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I’m just back from a long weekend in Tasmania. One of my good friends lives down there and we had a whirlwind tour of the beautiful Apple Isle. Wanna see what we saw? C’mon then.

First was the tiny but beautiful city of Hobart. Compared with the enormity of New York City it is but a dot on the map. The best thing about its size, though, is that it is easy to get around. Not many traffic jams here. Yep, Tassie has a much slower pace. The people are generally more friendly than back on the mainland and the buildings are to die for. I have never seen more well-preserved convict buildings. Breathtaking… if you love architecture.

Tassie offers so much to the tourist. My local friend popped on her ‘tourist’ glasses for a few days as we jetted about in our four-wheel-drive. First was pizza at Salamanca; a popular and trendy part of Hobart. The food was sensational and the ambiance modern and cosy.


The next day we found ourselves in Richmond. A grand old historical town boasting Australia’s oldest bridge. We walked, we talked, we got lost, we walked across a weir to get back on track.

How adventurous were we? Then stop at the old fashioned lolly shop before heading somewhere even sweeter…

…the chocolate factory. Who doesn’t like chocolate? Hands down… strange people. This ordinary looking building houses the ingredients of Cadbury’s finest choccy. We sat through an information session which turned my pal off white chocolate forever (it’s made of fat people! Say no more). Back to another trendy part of town for some late lunch… day’s end.

The next day the sun shone and the Salamanca markets were jam packed with tourists just like us! We elbowed our way through the crowds, offering a polite, “excuse me” as you do in Tassie. The coffee was outrageously good, the parking a nightmare but we saw, we shopped, we squinted in the sunshine. Paradise!

With the clear skies, the next stop was a no-brainer, Mount Wellington.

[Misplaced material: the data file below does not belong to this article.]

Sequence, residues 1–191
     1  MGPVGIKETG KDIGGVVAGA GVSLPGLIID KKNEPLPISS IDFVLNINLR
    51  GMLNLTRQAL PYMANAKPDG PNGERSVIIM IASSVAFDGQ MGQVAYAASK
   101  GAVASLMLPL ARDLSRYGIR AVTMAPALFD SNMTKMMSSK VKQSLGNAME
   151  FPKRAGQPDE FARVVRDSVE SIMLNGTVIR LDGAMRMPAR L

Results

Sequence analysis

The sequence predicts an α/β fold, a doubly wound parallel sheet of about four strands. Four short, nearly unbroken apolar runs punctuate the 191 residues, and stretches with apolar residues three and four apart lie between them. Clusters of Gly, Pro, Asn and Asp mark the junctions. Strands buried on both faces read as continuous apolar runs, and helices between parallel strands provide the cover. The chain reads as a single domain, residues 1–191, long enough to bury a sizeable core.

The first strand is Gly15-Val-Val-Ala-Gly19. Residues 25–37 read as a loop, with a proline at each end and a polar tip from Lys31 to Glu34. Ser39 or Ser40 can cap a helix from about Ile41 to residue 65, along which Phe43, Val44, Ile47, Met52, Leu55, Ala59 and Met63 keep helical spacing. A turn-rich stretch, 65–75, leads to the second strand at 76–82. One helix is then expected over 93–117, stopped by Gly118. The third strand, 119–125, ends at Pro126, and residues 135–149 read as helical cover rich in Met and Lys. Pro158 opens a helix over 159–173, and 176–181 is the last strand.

Round and round we drove. Higher and higher. Through trees of green and towns of cuteness. We arrived. I staggered over to the edge of the viewing platform, feeling a bit weak of knee but keen to take in the breathtaking view. It was incredible. So darn high, looking over gorgeous Hobart with its waterways, other mountains and green, green everywhere.

After such a high, we were ready for a rest. Touring is hard work baby.

When the babysitting arrived, pally and I hopped in the car with packed bags and headed down/up to Port Arthur for a girls night away. We popped on our pjs, ate some delectable, sophisticated junk food, drank some Midori Splices (oh yum) and watched a sad, sad movie. The next day we headed to the Port Arthur site.

A spot of rain then blue skies for 5 hours. We walked, we sailed, we read and learned and listened. This is an incredible place. Not only is it famous for convicts and oldy worldy stuff but in 1996 it was the site of a horrific massacre which makes it feel very eerie. It’s like you walk around it ever so gently and respectfully. So much horror, so much history and sadness.

When we hopped in the car the rain began to pour down. We headed back to Hobart town and back to a sense of normality. This was my last night. As with all last nights a chilling was in order. We ate toasted sandwiches and watched another movie. Bliss!!!

So to Tassie and my exceptional Tasmanian friends! Thanks for a fun and peaceful time. Think I will bring the Tassie way of life back to crazy Sydney!


Boys and guns. Boys and swords. Boys and lightsabers. “Pateeew, pateew, pateeeww!”